Mike Leach’s impact reached Patrick Mahomes — even if the two never met

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Mississippi State football coach Mike Leach died this weekYou can generate a well-deserved outpouring of not just sympathy, but appreciation for his impact Football is a game.

His former players and his assistants became prominent coaches (Lincoln Riley Josh Heupel Kliff Kingsbury) and his Air-Raid offensive changed football from high-school football to the NFL (five-wide formations; fourth-down aggressiveness); nothing is the exact same.

Yet what Leach’s mold-breaking concepts did extend beyond even that.

Consider that his style — or more accurately his thinking — isn’t just responsible for how, say, Patrick Mahomes plays football, but arguably that Patrick Mahomes even plays football at all.

Mahomes is one the NFL’s most exciting and marketable stars. Leach and Mahomes have never met. Yet without Leach, it’s fair to wonder if Mahomes might have capped out as a college player or be playing a different position, let alone a different sport altogether, rather than lighting up the NFL like few ever have.

You can go back to 2012, Mahomes junior season at Whitehouse Texas High School. Before becoming Whitehouse quarterback, he was a sophomore safety.

Leach was at Washington State coaching at the time. However, during his time at Texas Tech (2000-2009), he had implemented the Air Raid offense. Mahomes’ high school coach, Adam Cook, had gone to Tech and installed a version of the system at Whitehouse.

Kliff Kingsbury (Texas Tech quarterback) celebrates with Mike Leach, head coach after he dunks him with gatorade in the final minutes against Clemson at Orlando’s Mazda Tangerine Bowl.

Air Raid favors smart, intuitive quarterbacks. Mahomes wasn’t the most polished player at the time. Mahomes was a three-sport star. He spent his offseason playing baseball and basketball, not with a throwing specialist.

However, he was highly competitive, intelligent, and adaptive. The Air Raid is a force that values these characteristics. An older-fashioned, pro-style offense might not have been successful for him.

“Coach Adam Cook was the first guy to show me the quarterback position,” Mahomes said. “He didn’t force me to be a certain type of quarterback, he let me go out there and just play the game how I like to play it.”

Mahomes threw 3,839 yards and 46 touchdowns during that season. He also ran 258 yards, and six more touchdowns. He threw for more than 4,600 yards and 50 touchdowns as a senior.

“He was just always making the right decisions,” Cook said.

Even though the junior year was enough to get college football recruiters’ attention, there were still questions about Mahomes future. Air Raid was still considered a joke. If your team didn’t run it, could the QB adapt? Was Mahomes just a system quarterback? Was he even a quarterback?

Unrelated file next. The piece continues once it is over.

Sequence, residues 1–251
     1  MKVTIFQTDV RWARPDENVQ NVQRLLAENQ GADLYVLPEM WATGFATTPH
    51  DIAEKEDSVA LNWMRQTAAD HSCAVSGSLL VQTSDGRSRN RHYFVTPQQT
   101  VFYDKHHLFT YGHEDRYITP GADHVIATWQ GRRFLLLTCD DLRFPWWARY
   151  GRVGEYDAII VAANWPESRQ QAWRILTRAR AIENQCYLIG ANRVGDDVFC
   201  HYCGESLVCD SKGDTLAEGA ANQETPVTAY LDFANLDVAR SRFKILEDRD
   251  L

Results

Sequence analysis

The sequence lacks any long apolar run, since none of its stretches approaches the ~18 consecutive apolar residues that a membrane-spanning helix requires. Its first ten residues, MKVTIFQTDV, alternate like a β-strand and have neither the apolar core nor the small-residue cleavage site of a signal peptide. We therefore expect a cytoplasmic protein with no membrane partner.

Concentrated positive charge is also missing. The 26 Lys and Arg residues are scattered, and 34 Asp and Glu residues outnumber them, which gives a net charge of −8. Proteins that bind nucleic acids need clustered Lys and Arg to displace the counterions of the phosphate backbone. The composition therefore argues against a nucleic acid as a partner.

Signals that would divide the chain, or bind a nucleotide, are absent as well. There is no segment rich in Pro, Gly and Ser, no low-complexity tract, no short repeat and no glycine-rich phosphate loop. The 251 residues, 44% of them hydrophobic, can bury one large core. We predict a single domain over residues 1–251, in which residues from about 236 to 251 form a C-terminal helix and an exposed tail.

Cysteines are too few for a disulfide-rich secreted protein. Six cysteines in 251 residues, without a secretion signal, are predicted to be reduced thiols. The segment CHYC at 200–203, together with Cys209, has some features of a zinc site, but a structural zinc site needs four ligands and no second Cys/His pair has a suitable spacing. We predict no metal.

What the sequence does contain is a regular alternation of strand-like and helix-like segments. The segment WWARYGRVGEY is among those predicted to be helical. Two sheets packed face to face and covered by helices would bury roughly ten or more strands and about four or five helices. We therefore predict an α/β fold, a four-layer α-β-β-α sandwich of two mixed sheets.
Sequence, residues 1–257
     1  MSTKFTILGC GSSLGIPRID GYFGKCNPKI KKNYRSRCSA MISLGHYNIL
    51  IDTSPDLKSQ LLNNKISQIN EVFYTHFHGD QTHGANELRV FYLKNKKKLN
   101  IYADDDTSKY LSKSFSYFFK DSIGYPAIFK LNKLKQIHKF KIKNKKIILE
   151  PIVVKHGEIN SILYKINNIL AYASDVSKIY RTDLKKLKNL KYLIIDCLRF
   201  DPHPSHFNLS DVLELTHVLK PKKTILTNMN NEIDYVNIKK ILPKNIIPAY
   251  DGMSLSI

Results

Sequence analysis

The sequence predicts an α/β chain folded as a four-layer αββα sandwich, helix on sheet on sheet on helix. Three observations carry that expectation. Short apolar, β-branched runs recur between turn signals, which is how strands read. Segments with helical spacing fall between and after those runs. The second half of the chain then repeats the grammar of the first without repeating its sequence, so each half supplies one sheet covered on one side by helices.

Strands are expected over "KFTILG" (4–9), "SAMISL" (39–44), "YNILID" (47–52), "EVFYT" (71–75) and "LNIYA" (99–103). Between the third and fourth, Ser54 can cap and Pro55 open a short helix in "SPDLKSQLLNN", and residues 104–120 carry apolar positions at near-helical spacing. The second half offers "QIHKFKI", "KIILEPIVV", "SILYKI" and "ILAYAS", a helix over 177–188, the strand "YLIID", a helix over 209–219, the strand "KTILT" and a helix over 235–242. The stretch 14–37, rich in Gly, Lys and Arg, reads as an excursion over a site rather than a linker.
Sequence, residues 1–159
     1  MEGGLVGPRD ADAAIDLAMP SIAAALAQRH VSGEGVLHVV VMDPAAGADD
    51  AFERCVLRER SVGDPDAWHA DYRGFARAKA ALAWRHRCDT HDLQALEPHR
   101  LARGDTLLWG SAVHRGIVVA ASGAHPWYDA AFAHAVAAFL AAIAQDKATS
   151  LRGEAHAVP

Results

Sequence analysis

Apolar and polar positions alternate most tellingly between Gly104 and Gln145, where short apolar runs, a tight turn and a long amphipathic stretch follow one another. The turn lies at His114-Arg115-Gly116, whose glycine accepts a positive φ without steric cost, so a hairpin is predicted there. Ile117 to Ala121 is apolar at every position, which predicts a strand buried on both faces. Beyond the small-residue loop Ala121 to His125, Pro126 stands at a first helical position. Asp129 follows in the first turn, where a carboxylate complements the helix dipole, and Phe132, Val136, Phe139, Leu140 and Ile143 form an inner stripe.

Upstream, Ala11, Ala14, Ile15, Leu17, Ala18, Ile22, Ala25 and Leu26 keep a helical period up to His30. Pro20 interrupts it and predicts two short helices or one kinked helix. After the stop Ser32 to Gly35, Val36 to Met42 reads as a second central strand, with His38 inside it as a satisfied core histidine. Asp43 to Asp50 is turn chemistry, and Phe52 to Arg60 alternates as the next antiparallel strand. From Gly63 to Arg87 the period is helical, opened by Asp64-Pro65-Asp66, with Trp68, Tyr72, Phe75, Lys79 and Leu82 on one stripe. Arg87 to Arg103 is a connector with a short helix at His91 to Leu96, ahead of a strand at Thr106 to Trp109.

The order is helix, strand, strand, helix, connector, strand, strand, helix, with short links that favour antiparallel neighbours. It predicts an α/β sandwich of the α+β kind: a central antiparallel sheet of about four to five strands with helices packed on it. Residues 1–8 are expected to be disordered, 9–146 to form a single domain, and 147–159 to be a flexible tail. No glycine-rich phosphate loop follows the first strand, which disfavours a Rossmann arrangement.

Mahomes’ father, Pat, once told the Lubbock Avalanche-Journal that the University of Texas recruited his son to play safety, seeing him more as an athlete. Other schools were scared off by the belief that Patrick would focus on baseball — so banking on him becoming a starting quarterback was risky.

Kliff Kingsbury was Texas Tech’s head coach at the time. He was a former Red Raiders player and was Leach’s first quarterback between 2000-2002. He saw Mahomes through the lens of the Air Raid, and therefore saw him not as a quarterback, but possibly the perfect quarterback.

“Dynamic athlete,” Kingsbury said at the time. “And he’s a winner. You watch him play and he willed his team over and over.”

Texas Tech quarterback Patrick Mahomes II, center, and Tech head coach Kliff Kingsbury, right, walk off the playing field defeating Baylor in an NCAA college football game Friday, Nov. 25, 2016, in Arlington, Texas. (AP Photo/Ron Jenkins)

Kliff Kingbury, Tech head coach, and Texas Tech quarterback Patrick Mahomes II walk off the field in victory over Baylor in an NCAA college game in Arlington, Texas, on Friday, November 25, 2016. (AP Photo/Ron Jenkins)

This meant that there was no safety. This was the place where the best player is the most important. Kingsbury assured Mahomes that he would not be deterred by Mahomes’s decision to choose baseball, and that he would be drafted by Detroit Tigers.

Mahomes was quick to commit and started trying to integrate what they did at Tech into what he was doing at Whitehouse.

“My coach in high school went to Texas Tech, so he kind of had that same style of offense.” Mahomes said this week. “[When] I went on visits there, I was trying to learn what they were doing to add it into our offense.”

Mahomes made the transition to Texas Tech as a freshman starter. As a sophomore, he quit baseball to focus on football. In his final two seasons – running Mike Leach’s Air Raid offense – he threw for 9,705 yards and 77 touchdowns. In 2017, Kansas City drafted him as the 10th overall draft pick.

“Coach Kingsbury took me from an athlete, a baseball player on the field, to making me a quarterback,” Mahomes said. “He taught me how to go through progressions, taught me to read coverages and just built me up.”

In his first season as a starter, he was named NFL MVP and won the Super Bowl.

“I learned from Coach Kingsbury, so I feel like I’ve learned from Mike Leach himself,” Mahomes added this week.

Mahomes is clearly one of the best athletes in the country. If Mike Leach had not rewritten the rules of offensive football and established the traits a quarterback should possess, could Mahomes be a successful quarterback in the NFL. Is he actually playing football? Is he a college or high school security who was able to make a decision about baseball before making a move?

It’s not a stretch to wonder.

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